Grigor Pasha writes: In a previous post I outlined our predicament at left back. Essentially we had three candidates — Zemyarksi, Ali, and Dimov — none of them close to ideal.
Well, now we’ve reached the winter break and I reflect on the situation, I realise we’ve reached a resolution of sorts. I can best represent the situation with the phrase, ‘The Good, the Bad, and the Ugly’.
The Good is the boy Zemyarksi. He trains very well. And that, combined with plenty of game time (including 8 starts) has seen improvements in his game, especially in such areas as speed, decision-making, anticipation, and positioning.
The Bad is Dzhenyut Ali. He isn’t really a bad footballer, but he’s not a great full back — especially on the left (he’s right-footed). If only he didn’t switch off during the games. I’ve concluded that he’s a utility man — one best kept some distance from his own goal.
The Ugly is Dimov. Life for Dimov is evidently a sequence of play-badly, refuse-to-accept that-he’s-played-badly, train-poorly, refuse-to- accept… you get the idea.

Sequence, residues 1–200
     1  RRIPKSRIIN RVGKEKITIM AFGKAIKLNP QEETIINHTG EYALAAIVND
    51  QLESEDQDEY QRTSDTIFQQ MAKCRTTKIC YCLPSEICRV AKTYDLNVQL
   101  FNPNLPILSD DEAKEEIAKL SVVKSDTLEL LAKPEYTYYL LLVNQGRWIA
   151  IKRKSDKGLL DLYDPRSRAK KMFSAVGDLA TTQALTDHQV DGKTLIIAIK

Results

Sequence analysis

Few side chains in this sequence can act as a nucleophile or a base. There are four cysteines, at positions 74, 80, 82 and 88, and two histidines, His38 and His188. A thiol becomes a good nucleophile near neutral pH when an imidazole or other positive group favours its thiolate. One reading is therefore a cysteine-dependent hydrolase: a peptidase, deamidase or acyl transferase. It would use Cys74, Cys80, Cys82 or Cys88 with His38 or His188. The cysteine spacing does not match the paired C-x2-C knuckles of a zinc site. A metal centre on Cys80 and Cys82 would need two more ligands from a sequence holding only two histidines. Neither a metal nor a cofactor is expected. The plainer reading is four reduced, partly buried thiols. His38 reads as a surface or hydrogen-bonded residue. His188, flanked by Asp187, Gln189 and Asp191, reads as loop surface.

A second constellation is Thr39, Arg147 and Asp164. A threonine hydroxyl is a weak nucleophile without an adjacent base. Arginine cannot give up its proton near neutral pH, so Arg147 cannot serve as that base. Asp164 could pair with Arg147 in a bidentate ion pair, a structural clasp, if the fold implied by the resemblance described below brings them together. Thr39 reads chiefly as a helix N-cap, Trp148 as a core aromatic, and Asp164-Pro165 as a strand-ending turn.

Predictably the offer of a mutual termination precipitated a sulk.
Apparently he was worried that no other club was showing interest — though evidently it’s never crossed his mind why that might be.
Anyhow, when the window opened I put him on the market. Though nobody wanted to buy him, there was some loan interest, so he’ll be playing the rest of the season at Dunarea Calarasi.
The fact that sounds like a form of venereal disease seems somehow appropriate.
Strangely enough, our contract with the club doesn’t permit the loan to be terminated. The door is firmly shut.
Unfortunately there was no way to extend Zamyarski’s loan with us, though we do have him until the end of the season. After that he’ll be joining Cluj in the Romanian First League.
I like to do think we’ve done our bit to help Zammo progress and that this won’t be lost on other clubs considering loan partners.
A senior affiliate would be nice, though evidently finding one is beyond the board’s capabilities.